100 Years in
Downtown Troy


If the Valentine Postcard Company is to be believed, a hundred years ago Troy's River Street mixed earthtone buildings, ladies in ankle-length dresses of searing white and vivid pastels, and men in funereal-looking suits.

When the Manufacturers Bank clock showed a few minutes past one (A), the merchants on the west side of River were furling their fashionably-striped awnings as their competitors across the street unrolled theirs. A steady parade of streetcars rolled past wagon teams and a sporty sulky pulled by a white horse (E). The afternoon was warm enough for some men to substitute straw boaters for derbies (F) and for the "Through Car To Saratoga" (G) to open its sides. Near the corner of Federal Street (C), a sidewalk sale was in progress.

From the 1880s, the cuff and collar factory of Mott Emigh and Pierson Lobdel stood at at 3 King Street (B), while Robert A. Doring sold shoes, slippers, and rubbers at 182 River (H). J.H. Ellis' haberdashery and hat store stood beside the liquor store of J.C. McCauley and Michael H. Keating, Sixth Ward alderman, at 172 River (I).

One hundred years later the cobblestones, trolleys, and pedestrians have disappeared, and shade trees substitute for the telephone poles that once stood as tall as ships' masts. A silver pickup traces the vanished tracks that carried trolleys to downtown Troy from the Green Island Bridge (C).

The Manufacturers Bank and its cornice clock (A) are gone, although the room where the agreement to finance the construction of the USS Monitor was signed was moved to what is now the Franklin Plaza reception hall. St. Peter's Catholic Church at 4th and Hutton Streets (B) appears to have been re-steepled. However, the most notable difference is the subtraction of the colorful and fancifully-styled storefronts, each of which seemed a testimonial to the individual taste of its builder and a symbol of the business which it housed.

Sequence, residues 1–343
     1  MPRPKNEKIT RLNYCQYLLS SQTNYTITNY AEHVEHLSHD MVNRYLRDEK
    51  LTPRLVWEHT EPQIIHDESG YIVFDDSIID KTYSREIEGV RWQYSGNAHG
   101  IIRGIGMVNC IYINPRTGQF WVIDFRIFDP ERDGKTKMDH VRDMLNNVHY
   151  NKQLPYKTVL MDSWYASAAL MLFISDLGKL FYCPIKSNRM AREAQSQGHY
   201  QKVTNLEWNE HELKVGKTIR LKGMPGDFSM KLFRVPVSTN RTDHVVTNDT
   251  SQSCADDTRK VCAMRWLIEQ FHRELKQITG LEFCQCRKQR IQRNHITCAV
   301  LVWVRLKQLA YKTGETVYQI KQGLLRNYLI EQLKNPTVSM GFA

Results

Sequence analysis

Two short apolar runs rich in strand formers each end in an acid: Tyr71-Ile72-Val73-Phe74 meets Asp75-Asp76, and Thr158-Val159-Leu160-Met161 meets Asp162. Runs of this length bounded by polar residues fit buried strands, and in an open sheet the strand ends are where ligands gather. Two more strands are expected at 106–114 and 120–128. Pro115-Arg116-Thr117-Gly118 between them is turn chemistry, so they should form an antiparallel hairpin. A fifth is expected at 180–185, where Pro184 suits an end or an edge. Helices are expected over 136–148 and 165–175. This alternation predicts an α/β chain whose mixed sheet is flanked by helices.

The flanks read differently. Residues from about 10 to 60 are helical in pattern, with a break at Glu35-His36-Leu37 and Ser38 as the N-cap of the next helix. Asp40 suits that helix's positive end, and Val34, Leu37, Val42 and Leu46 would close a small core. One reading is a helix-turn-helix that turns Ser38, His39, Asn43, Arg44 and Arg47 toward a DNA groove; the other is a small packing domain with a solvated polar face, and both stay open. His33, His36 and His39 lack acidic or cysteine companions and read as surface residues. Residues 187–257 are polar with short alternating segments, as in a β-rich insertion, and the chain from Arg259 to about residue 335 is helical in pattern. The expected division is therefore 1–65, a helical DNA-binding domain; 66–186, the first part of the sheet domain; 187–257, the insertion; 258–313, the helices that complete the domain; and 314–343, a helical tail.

Many classic storefronts survived into the 1970s, when Troy, which had lost over 25% of its population in 30 years, underwent much urban renewal. What's left is a more spacious but vastly less interesting streetscape.


The red and white building with the red brick smokestack once housed the Cluett, Peabody & Company, Inc., makers of Arrow shirts and collars. Shortly after World War I, inventor Sanford L. Cluett, a nephew of the company owner, determined that shrinkage occurred because shirt fabric which had become stretched in the manufacturing process returned to its normal size after washing. In the 1920s, he developed the "compressive shrinkage process" which became known as "Sanforizing" after its inventor. Cluett, Peabody then licensed the process to the entire textile industry. After the company left Troy in the late 1980s, its factory was transformed into the Headley Park Place office complex.T

Today the wagon unloading goods in the postcard view (D) would be partially screened by the Franklin Square Hotel, which stands beside the Troy Atrium parking garage from which the photo was taken.

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